"We recently published a paper that also shows that a high-protein diet is bad for you. It reduces survival; it increases the risk of cancer," said Dr. Dimitrios Trichopoulos, the Vincent L. Gregory Professor of Cancer Prevention at the Harvard School of Public Health's Department of Epidemiology.


In that study, published online in the Nov. 29 issue of the European Journal of Clinical Nutrition, the researchers collected data on the diets of 22,944 healthy adults and found that eating diets low in carbohydrates and high in protein was associated with increased mortality.


Trichopoulos thinks that levels of IGF-1 may be the reason for the increased cancer risk. However, other factors may be at work, he added.


Despite his and Fontana's findings, Trichopoulos isn't ready to recommend a low-protein diet to reduce the risk of cancer or to live longer. Another recent study contradicted this finding, Trichopoulos said. "At this stage, we should wait for clarification," he said.


More information

The American Cancer Society can tell you more about cancer and diet.


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PostPosted: Fri Dec 08, 2006 1:15 pm 
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Again, that argument has been around for years. In the 1980's, the American Cancer society had people switching to hi carb, very low fat, low protein. The result, an increase in heart disease, diabetes type II, and America got to be the most obese nation in the world. Now, the American Diabetes society and others are in fact encouraging all, especially the young, to switch over to something closer to the South Beach, Zone or Protein power. These are labeled Hi Protein diets, but in fact are not really, maybe in comparison to what the average person eats, but the protein %'s are around 40% of daily calorie intake. Carbs are fiocused on fruits and veg, fat is focuse on the natural fats high in omega 3's. Processed foods and refined sugars are discouraged. The problem, they are pissing off the food manufacturers, and they have MAJOR control over things. You really got me on a rant right now, but I think you get the drift.
Tim


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PostPosted: Fri Dec 08, 2006 1:27 pm 
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yes, from time to time various "studies" come out and encourage or discourage people to use various diets.
almost all of them end like this:

"Another recent study contradicted this finding, XYZ said. "At this stage, we should wait for clarification," he said. "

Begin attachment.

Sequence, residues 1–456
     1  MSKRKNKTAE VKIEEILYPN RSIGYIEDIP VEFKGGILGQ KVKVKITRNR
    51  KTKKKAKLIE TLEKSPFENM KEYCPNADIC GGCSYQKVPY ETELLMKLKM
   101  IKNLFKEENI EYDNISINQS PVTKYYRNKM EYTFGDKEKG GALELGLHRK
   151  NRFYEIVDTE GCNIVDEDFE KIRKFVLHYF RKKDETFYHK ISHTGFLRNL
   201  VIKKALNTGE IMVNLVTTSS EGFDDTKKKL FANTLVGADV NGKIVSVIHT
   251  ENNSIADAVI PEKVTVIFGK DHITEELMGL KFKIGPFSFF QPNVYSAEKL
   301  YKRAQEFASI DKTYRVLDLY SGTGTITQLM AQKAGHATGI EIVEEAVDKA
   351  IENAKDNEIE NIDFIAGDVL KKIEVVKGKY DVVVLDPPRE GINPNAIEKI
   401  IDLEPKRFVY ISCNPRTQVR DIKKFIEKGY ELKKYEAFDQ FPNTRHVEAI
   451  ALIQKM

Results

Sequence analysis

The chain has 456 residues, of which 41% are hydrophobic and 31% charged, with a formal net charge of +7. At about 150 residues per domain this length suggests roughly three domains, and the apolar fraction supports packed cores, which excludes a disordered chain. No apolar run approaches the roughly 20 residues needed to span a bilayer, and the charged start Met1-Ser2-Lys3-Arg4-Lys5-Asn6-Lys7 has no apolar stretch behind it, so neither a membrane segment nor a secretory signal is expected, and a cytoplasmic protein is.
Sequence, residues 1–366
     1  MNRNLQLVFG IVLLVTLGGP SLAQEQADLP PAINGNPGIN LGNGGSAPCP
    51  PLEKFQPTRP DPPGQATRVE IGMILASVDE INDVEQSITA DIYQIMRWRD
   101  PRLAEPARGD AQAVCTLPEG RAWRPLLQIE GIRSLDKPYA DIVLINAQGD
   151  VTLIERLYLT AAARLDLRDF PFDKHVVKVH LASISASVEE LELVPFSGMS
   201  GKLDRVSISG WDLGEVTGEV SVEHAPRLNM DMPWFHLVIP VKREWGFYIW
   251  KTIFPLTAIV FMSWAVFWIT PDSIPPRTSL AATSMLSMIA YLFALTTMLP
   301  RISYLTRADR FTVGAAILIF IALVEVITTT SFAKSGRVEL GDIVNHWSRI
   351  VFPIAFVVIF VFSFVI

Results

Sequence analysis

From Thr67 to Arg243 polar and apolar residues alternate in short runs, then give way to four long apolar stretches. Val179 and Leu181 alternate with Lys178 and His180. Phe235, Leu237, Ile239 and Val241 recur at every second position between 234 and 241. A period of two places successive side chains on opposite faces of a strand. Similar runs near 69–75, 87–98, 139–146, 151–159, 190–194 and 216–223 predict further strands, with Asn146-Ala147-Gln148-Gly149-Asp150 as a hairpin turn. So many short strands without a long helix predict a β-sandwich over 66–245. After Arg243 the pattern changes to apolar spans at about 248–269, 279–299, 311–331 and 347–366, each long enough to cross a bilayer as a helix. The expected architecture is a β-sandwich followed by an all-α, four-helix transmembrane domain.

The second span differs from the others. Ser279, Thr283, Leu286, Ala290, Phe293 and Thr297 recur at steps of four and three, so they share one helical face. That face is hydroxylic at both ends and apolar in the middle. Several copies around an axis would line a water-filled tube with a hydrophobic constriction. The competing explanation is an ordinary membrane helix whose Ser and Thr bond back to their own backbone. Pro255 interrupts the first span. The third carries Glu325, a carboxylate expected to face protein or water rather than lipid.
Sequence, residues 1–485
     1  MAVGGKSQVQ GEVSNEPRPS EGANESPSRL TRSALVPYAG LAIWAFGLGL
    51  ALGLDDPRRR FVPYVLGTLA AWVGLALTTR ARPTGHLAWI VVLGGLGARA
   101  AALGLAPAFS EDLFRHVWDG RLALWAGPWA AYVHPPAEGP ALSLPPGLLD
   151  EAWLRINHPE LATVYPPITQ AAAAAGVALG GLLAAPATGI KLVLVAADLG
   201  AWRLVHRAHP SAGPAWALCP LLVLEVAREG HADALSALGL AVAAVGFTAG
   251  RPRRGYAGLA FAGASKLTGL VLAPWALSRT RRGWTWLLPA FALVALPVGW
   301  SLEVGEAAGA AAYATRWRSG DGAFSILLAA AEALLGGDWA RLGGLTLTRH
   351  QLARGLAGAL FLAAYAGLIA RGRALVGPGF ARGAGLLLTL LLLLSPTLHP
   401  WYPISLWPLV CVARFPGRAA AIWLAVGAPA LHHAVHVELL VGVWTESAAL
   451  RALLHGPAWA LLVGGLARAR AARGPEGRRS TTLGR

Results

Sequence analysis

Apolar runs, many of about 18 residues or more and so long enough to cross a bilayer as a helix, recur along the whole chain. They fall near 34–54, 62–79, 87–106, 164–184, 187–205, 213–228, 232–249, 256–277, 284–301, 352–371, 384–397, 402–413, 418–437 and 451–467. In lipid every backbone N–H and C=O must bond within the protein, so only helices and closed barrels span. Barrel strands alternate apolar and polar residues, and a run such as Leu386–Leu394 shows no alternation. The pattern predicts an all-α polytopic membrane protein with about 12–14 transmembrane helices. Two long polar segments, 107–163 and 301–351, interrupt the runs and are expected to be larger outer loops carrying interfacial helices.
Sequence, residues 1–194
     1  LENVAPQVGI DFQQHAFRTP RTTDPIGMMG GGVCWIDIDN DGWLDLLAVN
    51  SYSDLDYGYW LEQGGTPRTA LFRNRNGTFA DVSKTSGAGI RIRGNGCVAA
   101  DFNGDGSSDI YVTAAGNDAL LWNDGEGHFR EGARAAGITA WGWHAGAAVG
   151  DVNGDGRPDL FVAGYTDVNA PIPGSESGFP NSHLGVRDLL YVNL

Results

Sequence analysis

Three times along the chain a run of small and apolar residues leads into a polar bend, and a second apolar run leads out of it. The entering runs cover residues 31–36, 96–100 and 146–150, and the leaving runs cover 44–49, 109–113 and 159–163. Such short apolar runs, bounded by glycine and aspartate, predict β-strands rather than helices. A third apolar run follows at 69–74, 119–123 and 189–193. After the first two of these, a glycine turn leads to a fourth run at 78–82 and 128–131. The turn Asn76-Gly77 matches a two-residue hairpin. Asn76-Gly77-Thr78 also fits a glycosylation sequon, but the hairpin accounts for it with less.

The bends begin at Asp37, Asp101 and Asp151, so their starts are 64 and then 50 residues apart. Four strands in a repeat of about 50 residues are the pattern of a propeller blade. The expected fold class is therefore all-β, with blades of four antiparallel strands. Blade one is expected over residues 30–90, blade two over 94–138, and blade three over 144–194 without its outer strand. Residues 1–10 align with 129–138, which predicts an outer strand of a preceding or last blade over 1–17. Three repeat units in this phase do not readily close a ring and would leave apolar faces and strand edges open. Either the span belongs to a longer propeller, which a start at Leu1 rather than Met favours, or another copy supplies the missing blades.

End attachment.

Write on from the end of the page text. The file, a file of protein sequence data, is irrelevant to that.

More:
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PostPosted: Fri Dec 08, 2006 6:26 pm 
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The problem is groups 2 and 3 didn't just eat more protein. They were eating junk food.

"The second group of 21 people did regular endurance running, averaging about 48 miles a week. These runners ate a standard Western diet that included more calories and protein than the first group. The third group included 21 sedentary people who also consumed a standard Western diet, higher in sugars, processed refined grains and animal products."

As you can see sugars and refined grains. Might they have been getting trans fats in their diet also? If so, that tells us nothing. We already know trans fats cause cancer.

Looks like junk food plus junk science. It looks very much like a case of engineering the experiment to get the desired results. No wonder another study conflicts with it. The other study probably didn't have one group eating junk food.

We might as well have a study like this. One group will eat a low fat diet and the other group will have typical western habits. You know like eating high protein, plenty of junk food and smoking 3 packs of cigarettes a day, plus a couple cases of of beer and 3 bottles of Jack a week.

That stuff just cracks me up. People just don't want to except the idea that you can loose weight without being hungry. Just like they can't handle the idea that sweet stuff can be sugar free (hence all the artificial sweetener urban legends).

I think it all boils down to a psychological concept handed down from puritanical days. When it was possible to flavor medicine so it didn't taste bad, people wouldn't buy it, because they thought it was not effective. Also quiet vacuum cleaners have been possible for many many years, but people thought they wouldn't clean as well. So to this day, as far as I know Oric is the only company that makes a quiet vacuum. It is a simple concept I learned in high school psychology, but it seems to have a very large impact on humanity.


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PostPosted: Sun Dec 10, 2006 2:35 pm 
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Not to mention all of the subjects are lean which is hard to extrapolate to a nation full of non-lean people.

Also, where does resistance training enter the study?

Looks like they have no control at all and therefore any results they get are complete junk. I agree with Ironman, that is junk science.